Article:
Downloadable alphabet progress chart

Letter Knowledge Is One of the Big Five Skills

Did you know that there are five skills that your child should master before beginning formal reading instruction? We call them the “Big Five Skills” and these skills lay the foundation for learning to read. In fact, they’re so important that we cover all of them in the All About Reading Pre-reading program.

If you’re ready to tackle the rest of the Big Five Skills, be sure to check out the All About Reading Pre-reading program. Your student will enjoy special games, crafts, and story time read-alouds, and you will love the way your student effortlessly learns essential pre-reading skills.

All About Reading Pre-reading set-up

Which of these letter recognition activities are you going to try out first? Let me know in the comments below!

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Leave a Comment

Kathy

says:

Thank you for this article. My daughter has been asking for help with information and activities for her preschool child. I have offered her help from my own experience and resources, but I am sending her this and a couple other articles and links you provide. I have used, and appreciated, your apps for my tutoring students. Thank you.

Robin E.

says: Customer Service

You are welcome, Kathy. I hope your daughter and her child enjoy these activities!

Lauren

says:

Thanks a mil for these great resources. My 7 year old is in Level 3 and my 4 year old and (2 year old) have started the Pre-Reading level. The caterpillar is fantastic! I printed and laminated it and after they finish their lesson, they work on putting the caterpillar together. We also love the bracelets. Such fun things to help cement their learning! 😀

Robin E.

says: Customer Service

Lauren,
Thank you for letting us know the caterpillar and bracelets are enjoyed by your children! It’s always great to hear that the activities we come up with are being enjoyed as much as we hoped.

Victoria

says:

Amazing resources….thank you so much!!!!

Kay D.

says:

I will make these letters for my 2-year-old grandson. Do you have lower case letter and number templates? I would like to make them also. Thank you for all the work that you do and for sharing it with us. It is much appreciated.

Robin E.

says: Customer Service

Kay,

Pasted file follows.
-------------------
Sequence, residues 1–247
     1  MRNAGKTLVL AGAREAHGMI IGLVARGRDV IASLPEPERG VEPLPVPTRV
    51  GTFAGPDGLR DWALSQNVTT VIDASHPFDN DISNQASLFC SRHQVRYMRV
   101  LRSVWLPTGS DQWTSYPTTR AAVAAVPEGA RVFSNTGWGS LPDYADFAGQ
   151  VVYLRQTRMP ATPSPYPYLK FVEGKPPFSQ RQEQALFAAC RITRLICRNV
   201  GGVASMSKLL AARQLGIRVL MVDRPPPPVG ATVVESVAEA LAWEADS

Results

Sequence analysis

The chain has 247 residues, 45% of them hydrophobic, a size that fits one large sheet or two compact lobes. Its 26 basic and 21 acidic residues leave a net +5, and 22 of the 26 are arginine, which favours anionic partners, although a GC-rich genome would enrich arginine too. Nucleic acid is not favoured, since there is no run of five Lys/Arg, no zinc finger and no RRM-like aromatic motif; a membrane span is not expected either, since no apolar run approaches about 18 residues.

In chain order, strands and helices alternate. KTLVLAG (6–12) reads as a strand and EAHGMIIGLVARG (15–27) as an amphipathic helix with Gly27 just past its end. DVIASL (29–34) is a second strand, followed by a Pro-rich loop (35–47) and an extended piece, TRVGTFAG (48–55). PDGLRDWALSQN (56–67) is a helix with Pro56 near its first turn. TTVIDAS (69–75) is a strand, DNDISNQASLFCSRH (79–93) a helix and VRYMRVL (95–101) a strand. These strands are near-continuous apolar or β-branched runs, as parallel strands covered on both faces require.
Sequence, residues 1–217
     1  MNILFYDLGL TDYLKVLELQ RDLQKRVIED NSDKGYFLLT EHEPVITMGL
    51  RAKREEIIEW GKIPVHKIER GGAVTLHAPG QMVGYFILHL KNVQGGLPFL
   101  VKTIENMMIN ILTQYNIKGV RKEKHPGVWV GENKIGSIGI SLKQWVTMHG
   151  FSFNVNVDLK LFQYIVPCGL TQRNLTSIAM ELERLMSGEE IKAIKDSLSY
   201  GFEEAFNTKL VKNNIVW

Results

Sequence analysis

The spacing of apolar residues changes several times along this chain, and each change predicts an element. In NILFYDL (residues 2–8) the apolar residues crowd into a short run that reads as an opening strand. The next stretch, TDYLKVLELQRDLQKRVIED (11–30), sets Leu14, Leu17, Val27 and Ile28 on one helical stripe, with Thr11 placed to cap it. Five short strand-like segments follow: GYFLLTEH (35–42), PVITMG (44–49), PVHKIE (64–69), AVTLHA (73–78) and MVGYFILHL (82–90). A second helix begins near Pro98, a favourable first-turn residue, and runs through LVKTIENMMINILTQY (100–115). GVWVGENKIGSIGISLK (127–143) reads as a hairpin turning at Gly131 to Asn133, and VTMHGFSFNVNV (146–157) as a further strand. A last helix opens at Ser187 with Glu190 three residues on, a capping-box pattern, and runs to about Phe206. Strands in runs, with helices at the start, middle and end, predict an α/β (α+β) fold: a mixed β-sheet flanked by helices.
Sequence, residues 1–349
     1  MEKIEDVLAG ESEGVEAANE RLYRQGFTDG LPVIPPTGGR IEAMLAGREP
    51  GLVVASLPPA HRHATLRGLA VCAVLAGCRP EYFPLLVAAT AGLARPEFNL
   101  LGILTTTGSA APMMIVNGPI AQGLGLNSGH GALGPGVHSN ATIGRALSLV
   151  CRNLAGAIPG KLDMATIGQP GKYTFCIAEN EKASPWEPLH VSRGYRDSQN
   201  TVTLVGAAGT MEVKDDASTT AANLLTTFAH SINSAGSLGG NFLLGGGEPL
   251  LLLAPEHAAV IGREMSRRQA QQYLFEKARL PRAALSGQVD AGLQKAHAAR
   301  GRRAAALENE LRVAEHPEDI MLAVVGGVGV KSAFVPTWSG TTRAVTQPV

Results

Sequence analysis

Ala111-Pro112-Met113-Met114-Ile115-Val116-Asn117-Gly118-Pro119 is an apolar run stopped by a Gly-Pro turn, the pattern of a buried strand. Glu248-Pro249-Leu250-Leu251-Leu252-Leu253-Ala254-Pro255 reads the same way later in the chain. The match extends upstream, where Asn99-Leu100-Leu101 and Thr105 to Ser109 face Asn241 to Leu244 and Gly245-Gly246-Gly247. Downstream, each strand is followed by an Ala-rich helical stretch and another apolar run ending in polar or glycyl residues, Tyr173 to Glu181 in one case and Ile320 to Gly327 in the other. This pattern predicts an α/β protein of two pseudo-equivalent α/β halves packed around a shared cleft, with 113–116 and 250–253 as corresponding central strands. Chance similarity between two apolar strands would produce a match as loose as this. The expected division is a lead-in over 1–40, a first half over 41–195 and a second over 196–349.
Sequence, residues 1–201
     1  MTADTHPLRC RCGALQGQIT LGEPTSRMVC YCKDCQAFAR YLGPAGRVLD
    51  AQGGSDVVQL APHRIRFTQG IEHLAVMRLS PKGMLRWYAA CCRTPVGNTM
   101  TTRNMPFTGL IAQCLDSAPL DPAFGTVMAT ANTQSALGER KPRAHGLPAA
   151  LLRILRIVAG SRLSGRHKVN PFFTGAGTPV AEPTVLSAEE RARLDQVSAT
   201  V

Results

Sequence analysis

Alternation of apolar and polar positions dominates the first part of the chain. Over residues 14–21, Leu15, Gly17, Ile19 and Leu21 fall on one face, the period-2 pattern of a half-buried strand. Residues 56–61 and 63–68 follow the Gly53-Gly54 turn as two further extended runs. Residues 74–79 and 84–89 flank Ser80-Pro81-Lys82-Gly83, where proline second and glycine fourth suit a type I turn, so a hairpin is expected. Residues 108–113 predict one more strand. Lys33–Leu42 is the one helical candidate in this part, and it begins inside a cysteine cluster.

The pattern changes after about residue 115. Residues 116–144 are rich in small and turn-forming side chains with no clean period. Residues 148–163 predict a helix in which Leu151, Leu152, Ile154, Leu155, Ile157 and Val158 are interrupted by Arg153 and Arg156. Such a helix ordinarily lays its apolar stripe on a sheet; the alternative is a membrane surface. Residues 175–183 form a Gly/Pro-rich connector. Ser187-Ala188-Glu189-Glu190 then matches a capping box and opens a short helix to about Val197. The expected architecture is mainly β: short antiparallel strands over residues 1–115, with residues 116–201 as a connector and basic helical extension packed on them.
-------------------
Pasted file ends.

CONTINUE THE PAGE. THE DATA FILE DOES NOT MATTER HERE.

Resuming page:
We don’t have a ready-made template for making fabric lower case letters and numbers, but we do explain the process for making your own template at the bottom of our fabric letter blog post.

Hadley Coble

says:

Thank you, Robin, for suggesting these for my daughter who is struggling to remember her letters. She is going to have so much fun with these!

Robin E.

says: Customer Service

You are welcome, Hadley!

Joan Lorenzen

says:

Great!

Cathy

says:

Even with 15 years of homeschooling under my belt, this will be my first time doing preschool!!! I used All about Spelling with my youngest son 10 years ago and it helped him greatly!! Can’t wait to start again with my granddaughter!!

Robin E.

says: Customer Service

Cathy,
You are going to love it! Everything is new to preschoolers, so everything is exciting.

Betsy

says:

I have a 3 year old who will be starting pre-school in the fall… He LOVES his building blocks so I can’t wait to use the building block cards!!!! 😊

Robin E.

says: Customer Service

Betsy,
The building block cards are a big hit!

Heather

says:

Thank you so much for the free resources!

Britnee Harrop

says:

Play dough! So excited!

Amanda McArthur

says:

What is considered a normal age for kids to be reading? What age should they be reading at?

Robin E.

says: Customer Service

Amanda,
Most children begin to learn letter names, letter sounds, and phonological awareness at age 4 or 5. All these readiness skills are covered in our Pre-reading level. After mastering these reading readiness skills, children then move on to beginning reading typically at age 5 or 6. There is a lot of variation in the age that children read, although being somewhat older is more common than being somewhat younger.

I hope this helps. Please let me know if you have further questions or concerns.

Lauren

says:

Interesting, I’ve heard the sounds are more important than the letter names so now I’m wondering if there are any sources to look into this more.

Robin E.

says: Customer Service

Lauren,
Learning letter names is equally as important as letter sounds. However, Marie, the author of All About Reading and All About Spelling, did extensive research on the importance of learning letter names and she found that research shows that children that know letter names will learn the sounds of the letters much more easily. Children who don’t know the letter names often have difficulty in learning the sounds of the letters. Research also shows that children who can easily name the letters of the alphabet have an easier time learning to read and as they learn the letter names, children tend to be more motivated to discover more about the letters and words around them.

If you would like to receive the list of books and educational journal articles that Marie found on this topic, please email us at support@allaboutlearningpress.com. It is an extensive list.

Sara

says:

Excellent I information and downloadable resources.

Joyce

says:

These are great downloads. Thank you!

Amanda Ritter

says:

Thank you for the resources! Added a bunch of books to our library holds!

Melissa

says:

thank you so much, My developmentally delayed foster kids will love feed the dog

Robin E.

says: Customer Service

You are welcome, Melissa. We have a “Feed the Monster” activity that they may enjoy as well.

Melissa

says:

thank you so much

Rose

says:

Love these resources. Thank you.

Amy

says: